Home Travel Stories Destinations OOCC CORVETTE TRIP Part 4- GTO Nationals, Dayton, OH
OOCC CORVETTE TRIP Part 4- GTO Nationals, Dayton, OH PDF Print E-mail
Written by Double Dragon
Thursday, 24 March 2011 10:12

One Owner Collector Car- CORVETTE TRIP Part 4- GTO Nationals- Dayton, Ohio

oneownercollectorcar.com

Writing and photography copyright D. S. Brown

_______DAY 17___________________________________________________________

Milwaukee, New Berlin, WI/ Le Roy, IL/ Indianapolis, Richmond, IN

For the first time POCI (Pontiac and Oakland Club International) and GTOAA (GTO Association Of America) were teaming up to hold the hugest Pontiac meet of all time. Never had there such a large gathering of Pontiac faithful before.

I was heading to the heart of the biggest Pontiac convention ever held in history in a Chevrolet Corvette.

Oops.

A decades old feud had raged between 'C3 Shark’ Corvette owners and the second generation Pontiac Firebird Trans Am owners.

The Chevy/ Pontiac rivalry wasn’t as feverish as the one between the Porsche and Corvette people but it was well known enough for both CAR AND DRIVER and ROAD TEST to make comment. In their tests they complained that the Corvette was often piloted by gold chain wearing midlife crisis guys. They also derided the emasculated 1970s Vette as the car of choice for blonde secretaries. The Trans Am was hailed as the last 'real man’s car'.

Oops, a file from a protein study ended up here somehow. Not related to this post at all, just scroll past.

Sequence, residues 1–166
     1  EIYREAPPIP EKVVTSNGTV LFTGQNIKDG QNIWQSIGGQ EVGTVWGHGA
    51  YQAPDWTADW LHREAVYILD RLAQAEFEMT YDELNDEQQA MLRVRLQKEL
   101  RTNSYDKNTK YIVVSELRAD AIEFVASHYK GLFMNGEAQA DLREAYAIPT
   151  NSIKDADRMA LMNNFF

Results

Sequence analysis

Of course, Corvette people smirked about Burt Reynolds and the Smokey and the Bandit movies. The Trans Am giant hood decal and the scoops and spats and spoilers became passe around the same time disco died. Towards the end of the 1970s the Corvette was faster and had better handling numbers, but the T/A was the only USA performance car packing 400 cubes.

The T/A handled almost as well as the Corvette, but importantly, it was much more predictable while doing it without the hassle of the Vettte's finicky IRS altered turning trajectories. Many magazines chose the T/A as the handling champion due to the confidence the no fuss handling inspired.

My appreciation for cars crosses the invisible walls. I have driven plenty of 1970s T/As and Vettes and enjoyed each for its merits. However, let's not kid ourselves. There are rabid guys out there frothing at the mouth with Brand Loyalty denouncing all cars other than their chosen ones as junk. They won't understand that I like different brands: they will just see The Enemy!

I was counting on the Chev/ Pontiac divide being less pronounced than the Ford/ Chevy rift. The Ford/ Chevy feud; particularly fine tuned with Mustang/ Camaro guys, is vicious. These guys have far more in common than say, a Mustang owner and a Honda Civic owner would, but the Mustang/ Camaro guys reserve their animosity for one another.

In the big scheme of things, all this hatred actually fuels something useful. Competition goads manufacturers to seek constant improvement. Chrysler's desire to own NASCAR led to the street Hemi. Henry Ford's rage against Ferrari gave us the GT-40 and 'Total Performance'. The giant aftermarket market exists solely due to owner pride and rivalries.